Volume 79, Number 15 | September 16 - 22, 2009
West and East Village, Chelsea, Soho, Noho, Little Italy, Chinatown and Lower East Side, Since 1933

Villager photo by Jefferson Siegel

George Boyd, right, who lived at 47 E. Third St. more than 30 years and was moving out after taking a buyout, stood on the stoop as movers carried out some of the landlord’s belongings last month.

Bill says owners can take 1 unit, not whole building

By Lincoln Anderson 

A bill to end so-called “mass evictions” — employed to empty entire buildings, allegedly for landlords’ personal use — failed to come up for a vote in a special session of the state Senate last week. A disappointed Daniel Squadron, the bill’s prime sponsor, said he’ll keep pushing the legislation, and that it definitely will come to the floor for a vote, at the latest, early next year — if not sooner, hopefully, in another special session.

The bill would restrict owner-occupancy evictions to a single dwelling unit, to be used as the landlord’s primary residence. Under what Squadron and the bill’s supporters call a “loophole” in the current law, landlords are allowed to take “one or more” apartments for their personal use — basically giving them carte blanche to empty their buildings completely of tenants. 

If passed, Squadron’s bill would prohibit the mass eviction of tenants at 19-21 Barrow St., many of whom have lived in their apartments more than 20 years. The pending legislation comes too late, however, to help the former tenants of 47 E. Third St., who tried to stave off a mass-eviction effort in a court battle, only to concede defeat and take buyouts, with the last of them vacating at the end of last month.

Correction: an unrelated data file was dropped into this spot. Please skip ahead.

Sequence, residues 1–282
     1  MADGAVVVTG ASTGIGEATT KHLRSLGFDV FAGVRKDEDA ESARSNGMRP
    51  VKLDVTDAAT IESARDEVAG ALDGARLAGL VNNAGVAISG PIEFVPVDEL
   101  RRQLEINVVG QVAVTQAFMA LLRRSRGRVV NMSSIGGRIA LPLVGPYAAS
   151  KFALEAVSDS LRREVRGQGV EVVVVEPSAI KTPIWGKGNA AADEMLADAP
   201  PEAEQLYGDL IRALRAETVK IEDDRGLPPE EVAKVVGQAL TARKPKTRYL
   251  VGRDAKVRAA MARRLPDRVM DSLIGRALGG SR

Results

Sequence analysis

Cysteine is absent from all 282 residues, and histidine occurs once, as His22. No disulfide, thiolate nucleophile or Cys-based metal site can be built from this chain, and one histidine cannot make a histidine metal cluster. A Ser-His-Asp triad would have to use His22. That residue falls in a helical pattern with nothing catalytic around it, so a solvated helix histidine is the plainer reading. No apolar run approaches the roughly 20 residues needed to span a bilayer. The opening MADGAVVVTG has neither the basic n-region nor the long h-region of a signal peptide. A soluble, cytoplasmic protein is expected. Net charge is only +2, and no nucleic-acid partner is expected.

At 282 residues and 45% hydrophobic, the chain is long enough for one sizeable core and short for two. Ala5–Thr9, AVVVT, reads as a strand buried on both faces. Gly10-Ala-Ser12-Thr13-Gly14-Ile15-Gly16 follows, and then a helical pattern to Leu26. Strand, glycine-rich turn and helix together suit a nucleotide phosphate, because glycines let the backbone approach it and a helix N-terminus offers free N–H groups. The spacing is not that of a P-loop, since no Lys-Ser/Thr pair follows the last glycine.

The bill was not called up by the state Senate’s leadership, Squadron said, “because we were missing one vote. But even with that vote, there was no guarantee every Democrat would have voted for the bill.” However, he added, “I don’t believe that bills need to have guaranteed passage to be called up for a vote.”

On Jan. 1, a key reform measure Squadron fought hard for, under which a majority of the Senate’s members can bring up a bill for a vote, will go into effect.

“I got the Senate to make that change,” Squadron said. “It’s a fundamental reform. ... One reason we need to vote is so people can show they’re on the side of tenants,” he said of the importance of having legislators weigh in on the owner-occupancy bill.

Squadron said the mass-eviction law must be reformed as soon as possible.

“This is a loophole that allows multimillion-dollar ‘McMansions’ at cut rates on the backs of affordable-housing tenants,” he said. 

Whether landlords actually live in the buildings for the required three years after evicting the tenants is irrelevant, the freshman senator said.

“In either case, it’s a loophole that’s unfair, irrational and threatens our affordable-housing stock,” he stated.

“This is a common-sense update to the law that will assure that tenants don’t have to live in fear,” Squadron continued. “[We have] to close the loophole that allows landlords to evict a whole building at once.”

The Assembly has already passed a version of the bill, sponsored by Vito Lopez.